Ask Angi: How should I prep my pool for summer?

Paul F. P. Pogue
Tribune News Service

As summer dawns, your pool's sparkling waters no doubt beckon. But before you dive in, it's important to awaken your pool from its winter slumber with a few small preparations. You can handle many of these tasks yourself, but a professional pool maintenance company can take care of the job quickly and efficiently. You'll pay around $300 for a one-time opening and about $125 for regular maintenance visits. Pool upkeep costs may seem high, but it's a vital part of protecting your investment and your family's safety. A professional's expertise is well worth the money.

Here's a rundown of what you can expect from your pro and how you can help keep your pool pristine all summer long:

Staying cool in your pool all summer will be a breeze, provided you give it the proper maintenance.

One-time opening

When a pro opens your pool for the summer, they'll brush the walls, remove debris from your cover, check the filter system, fill the pool with water, activate the system, and test your water to ensure it's balanced in keeping with your manufacturer's instructions.

You can hire a pro to return every week or every other week to keep the pool in top condition. They'll vacuum, brush, and skim the pool, as well as check the levels of various elements in your water and keep them in balance. They'll also replace dirty filter cartridges.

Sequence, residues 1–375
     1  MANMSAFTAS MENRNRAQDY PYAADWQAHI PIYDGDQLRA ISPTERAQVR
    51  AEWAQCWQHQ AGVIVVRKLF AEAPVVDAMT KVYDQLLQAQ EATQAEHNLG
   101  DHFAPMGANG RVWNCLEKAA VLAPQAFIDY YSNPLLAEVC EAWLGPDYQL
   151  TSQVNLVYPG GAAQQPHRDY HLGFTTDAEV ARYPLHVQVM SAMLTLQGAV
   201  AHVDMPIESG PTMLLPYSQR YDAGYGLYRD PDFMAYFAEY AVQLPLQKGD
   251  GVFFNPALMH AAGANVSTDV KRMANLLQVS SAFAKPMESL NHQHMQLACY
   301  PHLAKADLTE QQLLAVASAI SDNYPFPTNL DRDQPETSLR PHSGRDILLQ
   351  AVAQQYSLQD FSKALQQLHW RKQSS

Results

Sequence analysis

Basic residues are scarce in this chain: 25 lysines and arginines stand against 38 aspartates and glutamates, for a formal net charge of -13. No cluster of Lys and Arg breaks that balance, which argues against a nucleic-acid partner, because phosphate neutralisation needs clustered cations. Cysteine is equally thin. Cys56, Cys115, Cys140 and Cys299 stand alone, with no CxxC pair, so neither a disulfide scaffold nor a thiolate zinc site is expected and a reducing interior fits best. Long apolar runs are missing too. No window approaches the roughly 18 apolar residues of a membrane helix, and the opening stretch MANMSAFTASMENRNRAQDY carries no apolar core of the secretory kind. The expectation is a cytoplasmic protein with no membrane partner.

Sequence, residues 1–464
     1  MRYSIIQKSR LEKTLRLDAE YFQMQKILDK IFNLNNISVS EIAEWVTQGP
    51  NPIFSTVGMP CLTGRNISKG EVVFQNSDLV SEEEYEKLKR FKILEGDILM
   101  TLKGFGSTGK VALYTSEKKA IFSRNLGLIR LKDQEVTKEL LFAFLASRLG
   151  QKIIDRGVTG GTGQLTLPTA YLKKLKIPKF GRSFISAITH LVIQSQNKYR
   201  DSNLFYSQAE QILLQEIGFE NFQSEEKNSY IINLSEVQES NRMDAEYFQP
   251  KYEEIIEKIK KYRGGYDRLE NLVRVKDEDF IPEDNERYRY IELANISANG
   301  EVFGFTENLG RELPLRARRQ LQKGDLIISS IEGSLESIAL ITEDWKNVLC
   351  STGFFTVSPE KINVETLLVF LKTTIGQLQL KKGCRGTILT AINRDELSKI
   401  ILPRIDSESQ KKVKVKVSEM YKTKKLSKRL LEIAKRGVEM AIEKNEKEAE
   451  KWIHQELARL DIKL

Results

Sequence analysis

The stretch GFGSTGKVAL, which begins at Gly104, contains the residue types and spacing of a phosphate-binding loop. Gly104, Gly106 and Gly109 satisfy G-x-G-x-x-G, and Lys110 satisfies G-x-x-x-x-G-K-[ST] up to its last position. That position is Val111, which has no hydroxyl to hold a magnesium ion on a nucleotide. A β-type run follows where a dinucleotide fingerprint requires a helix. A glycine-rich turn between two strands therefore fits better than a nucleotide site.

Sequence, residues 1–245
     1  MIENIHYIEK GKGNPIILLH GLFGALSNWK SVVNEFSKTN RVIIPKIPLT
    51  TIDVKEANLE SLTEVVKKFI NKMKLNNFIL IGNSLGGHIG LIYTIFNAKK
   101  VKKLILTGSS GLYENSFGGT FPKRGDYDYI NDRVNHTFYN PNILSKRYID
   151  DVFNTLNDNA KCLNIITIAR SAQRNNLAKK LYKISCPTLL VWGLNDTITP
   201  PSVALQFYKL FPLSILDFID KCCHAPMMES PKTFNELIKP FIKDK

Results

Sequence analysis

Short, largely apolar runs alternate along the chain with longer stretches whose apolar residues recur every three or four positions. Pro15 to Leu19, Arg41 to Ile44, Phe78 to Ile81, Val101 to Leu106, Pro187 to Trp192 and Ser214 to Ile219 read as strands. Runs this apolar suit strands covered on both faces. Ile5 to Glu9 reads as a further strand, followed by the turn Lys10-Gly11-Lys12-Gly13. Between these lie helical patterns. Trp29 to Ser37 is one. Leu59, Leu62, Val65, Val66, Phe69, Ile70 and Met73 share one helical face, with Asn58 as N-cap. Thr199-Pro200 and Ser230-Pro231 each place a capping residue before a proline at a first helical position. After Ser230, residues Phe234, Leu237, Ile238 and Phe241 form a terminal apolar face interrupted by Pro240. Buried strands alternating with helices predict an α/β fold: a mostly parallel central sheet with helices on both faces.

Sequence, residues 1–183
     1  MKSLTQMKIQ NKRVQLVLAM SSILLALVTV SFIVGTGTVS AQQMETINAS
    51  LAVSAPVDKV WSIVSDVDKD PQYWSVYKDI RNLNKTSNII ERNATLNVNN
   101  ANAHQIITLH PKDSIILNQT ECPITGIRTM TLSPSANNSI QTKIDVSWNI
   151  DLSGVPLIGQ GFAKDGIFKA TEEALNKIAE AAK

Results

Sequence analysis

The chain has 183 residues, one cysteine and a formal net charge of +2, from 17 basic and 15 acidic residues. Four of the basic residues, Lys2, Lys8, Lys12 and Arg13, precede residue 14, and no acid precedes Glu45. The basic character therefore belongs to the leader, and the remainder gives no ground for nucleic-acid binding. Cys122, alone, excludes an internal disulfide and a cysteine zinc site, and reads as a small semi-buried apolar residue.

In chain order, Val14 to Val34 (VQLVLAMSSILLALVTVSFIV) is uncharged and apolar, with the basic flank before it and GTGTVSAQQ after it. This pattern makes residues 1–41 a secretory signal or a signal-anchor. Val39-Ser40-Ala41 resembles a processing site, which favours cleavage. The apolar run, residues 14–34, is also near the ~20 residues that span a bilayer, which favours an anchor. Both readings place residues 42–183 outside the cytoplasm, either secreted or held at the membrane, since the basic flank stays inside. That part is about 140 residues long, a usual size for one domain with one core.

Testing your water

It’s a breeze to keep your pool clean yourself by completing these regular tasks:

— Check the skimmer basket

— Skim the surface

— Scrub and vacuum debris

— Test water weekly with a home test kit

— Regularly add pool shock in keeping with your manufacturer's recommendations

Your pool's safety depends on a careful balance of elements. For example, chlorine prevents bacteria from spreading in the water, but too much can cause skin rashes and respiratory problems.

Check these levels weekly and add elements as needed:

— pH: 7.2–7.6

— Alkalinity: 80–150 ppm

— Calcium hardness: 175–275 ppm

— Chlorine: 1–3 ppm

Keep on top of potential problems

In addition to regular cleaning, keep an eye on your pool's physical components. If your pump, heater, and thermostat seem to have problems, contact your pro for assistance. Your pool's water level will drop due to evaporation over time, but if you lose more than a quarter-inch of water per day, your pool may be leaking and require professional attention. Your pump should have an automatic suction cut-off device, which will shut down pressure if something blocks the drain.

A pool cover plays a significant role in keeping your pool in good condition by keeping out debris and preventing water loss and evaporation. Be sure to get one that meets standards set by the American Society for Testing and Materials Specifications.

A fence at least 4 feet high should surround the pool. Make sure gates open away from the pool and are self-closing and self-latching. Store all pool materials in a locked location. Lastly, of course, never leave children unsupervised near the pool.

Tweet your home care questions with #AskingAngi and we’ll try to answer them in a future column.